News and announcements pertaining to the University of Washington Libraries Digital Collections and the Digital Initiatives Program.
Wednesday, March 10, 2010
Welcome to the 1909 Alaska-Yukon-Pacific Exposition!
Washington's first World's Fair was held on the campus of the University of Washington more than a century ago putting Seattle on the map as a gateway to the Pacific Rim. Nearly 4 million people attended.
You can go back in time to stroll down the Pay Streak, hop on a carnival ride, purchase a souvenir or refreshment, or take in an "educational" exhibit like the Igorrote village or the baby incubator.
Thursday, March 4, 2010
What do little girls with guns, pet chickens and calvary tents have in common? They are all photographs from H. Ambrose Kiehl's family collection taken at the turn of the century. Check out the newest digital collection at http://content.lib.washington.edu/kiehlweb/index.html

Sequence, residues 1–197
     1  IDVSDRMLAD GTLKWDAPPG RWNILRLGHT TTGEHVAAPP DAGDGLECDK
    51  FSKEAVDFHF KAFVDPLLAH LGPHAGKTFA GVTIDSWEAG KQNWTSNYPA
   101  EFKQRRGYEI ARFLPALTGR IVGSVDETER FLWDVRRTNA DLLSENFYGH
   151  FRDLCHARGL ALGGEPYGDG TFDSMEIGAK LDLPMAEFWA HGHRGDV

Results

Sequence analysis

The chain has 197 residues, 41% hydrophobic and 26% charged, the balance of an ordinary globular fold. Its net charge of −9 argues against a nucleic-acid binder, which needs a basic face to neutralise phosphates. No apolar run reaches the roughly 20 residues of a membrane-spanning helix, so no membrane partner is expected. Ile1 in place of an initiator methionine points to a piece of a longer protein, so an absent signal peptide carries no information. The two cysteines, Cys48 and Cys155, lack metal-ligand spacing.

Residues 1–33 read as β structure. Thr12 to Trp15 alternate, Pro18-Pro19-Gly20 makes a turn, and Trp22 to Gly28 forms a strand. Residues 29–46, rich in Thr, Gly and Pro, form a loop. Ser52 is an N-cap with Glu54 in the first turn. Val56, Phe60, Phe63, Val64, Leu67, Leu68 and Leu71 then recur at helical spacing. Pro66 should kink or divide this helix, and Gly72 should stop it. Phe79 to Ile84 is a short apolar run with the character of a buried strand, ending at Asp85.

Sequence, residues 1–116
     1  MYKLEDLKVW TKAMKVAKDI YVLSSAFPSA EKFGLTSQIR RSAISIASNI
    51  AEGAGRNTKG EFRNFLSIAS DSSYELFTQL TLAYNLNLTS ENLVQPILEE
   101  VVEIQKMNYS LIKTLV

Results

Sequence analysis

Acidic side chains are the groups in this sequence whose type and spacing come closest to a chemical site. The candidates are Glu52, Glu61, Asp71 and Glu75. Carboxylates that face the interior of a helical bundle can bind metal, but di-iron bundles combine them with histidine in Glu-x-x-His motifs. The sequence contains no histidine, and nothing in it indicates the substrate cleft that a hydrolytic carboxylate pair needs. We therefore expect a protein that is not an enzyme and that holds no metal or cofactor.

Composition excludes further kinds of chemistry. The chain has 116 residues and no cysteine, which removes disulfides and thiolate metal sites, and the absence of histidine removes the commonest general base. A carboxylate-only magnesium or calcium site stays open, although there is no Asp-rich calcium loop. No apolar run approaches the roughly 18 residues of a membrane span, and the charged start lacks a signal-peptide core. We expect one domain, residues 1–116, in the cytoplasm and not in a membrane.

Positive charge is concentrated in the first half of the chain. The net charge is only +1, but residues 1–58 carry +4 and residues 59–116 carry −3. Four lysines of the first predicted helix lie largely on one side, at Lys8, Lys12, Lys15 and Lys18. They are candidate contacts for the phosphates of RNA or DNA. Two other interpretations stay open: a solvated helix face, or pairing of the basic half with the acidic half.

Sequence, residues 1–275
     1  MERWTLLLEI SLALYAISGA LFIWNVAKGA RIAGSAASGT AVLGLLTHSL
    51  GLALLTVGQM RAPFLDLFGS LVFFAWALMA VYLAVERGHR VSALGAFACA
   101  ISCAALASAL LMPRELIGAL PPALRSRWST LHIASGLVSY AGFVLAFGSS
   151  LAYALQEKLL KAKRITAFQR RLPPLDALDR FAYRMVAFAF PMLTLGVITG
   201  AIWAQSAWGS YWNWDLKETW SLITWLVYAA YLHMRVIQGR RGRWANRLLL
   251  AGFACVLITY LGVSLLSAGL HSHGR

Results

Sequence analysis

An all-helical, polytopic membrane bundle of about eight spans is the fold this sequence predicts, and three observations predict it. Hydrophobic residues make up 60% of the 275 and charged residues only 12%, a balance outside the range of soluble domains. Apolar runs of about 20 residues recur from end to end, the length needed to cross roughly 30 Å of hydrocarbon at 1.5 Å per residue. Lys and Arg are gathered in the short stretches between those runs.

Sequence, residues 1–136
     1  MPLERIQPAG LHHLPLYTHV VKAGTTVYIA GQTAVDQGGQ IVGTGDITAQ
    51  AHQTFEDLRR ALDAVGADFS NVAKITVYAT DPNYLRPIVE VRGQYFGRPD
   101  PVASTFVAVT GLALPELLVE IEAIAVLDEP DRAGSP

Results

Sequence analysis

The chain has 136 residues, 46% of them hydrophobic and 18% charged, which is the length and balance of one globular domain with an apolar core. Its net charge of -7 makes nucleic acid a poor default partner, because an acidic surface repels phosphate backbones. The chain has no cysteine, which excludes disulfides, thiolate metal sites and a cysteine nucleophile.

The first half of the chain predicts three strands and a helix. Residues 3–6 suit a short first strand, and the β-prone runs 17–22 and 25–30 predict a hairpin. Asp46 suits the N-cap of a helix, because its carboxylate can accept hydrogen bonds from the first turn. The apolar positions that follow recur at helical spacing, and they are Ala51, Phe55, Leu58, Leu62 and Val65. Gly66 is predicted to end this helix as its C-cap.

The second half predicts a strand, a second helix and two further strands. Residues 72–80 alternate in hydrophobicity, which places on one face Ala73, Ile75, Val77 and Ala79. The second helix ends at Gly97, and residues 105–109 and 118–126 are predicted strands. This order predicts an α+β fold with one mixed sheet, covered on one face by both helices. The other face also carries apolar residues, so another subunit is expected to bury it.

Monday, March 1, 2010
Volume 16 of the Internet Scout Report features our own Looking Glass for the Mind Exhibit. Here is what they said:
The University of Washington Digital Collection of children's books starts off with a wonderful piece that touches on the beloved memories children's books bring back for so many, but also on the reasons why a university library would collect children's books. Several of the reasons given regard what children's books can teach us: printing and book illustration history, the "study of the gradual changes in familiar tales to reflect changes in societal acceptance and sensibilities," social and ethnic history, the historical role of women, and shifting views on education.
After the homepage is the index to the exhibit with an introduction, a brief history of the first children's book publishers. To the left is the "Index" of topics that the books cover. Visitors will find a multitude, including "Fables", "Grammar, Spelling, Elocution & Rhetoric", "Math & Money", "Activity Books", and "Prejudice & Bigotry". Under the topic "Fables", visitors should check out The Baby's Own Aesop, illustrated by Walter Crane, who began an illustrating apprenticeship at the age of fourteen.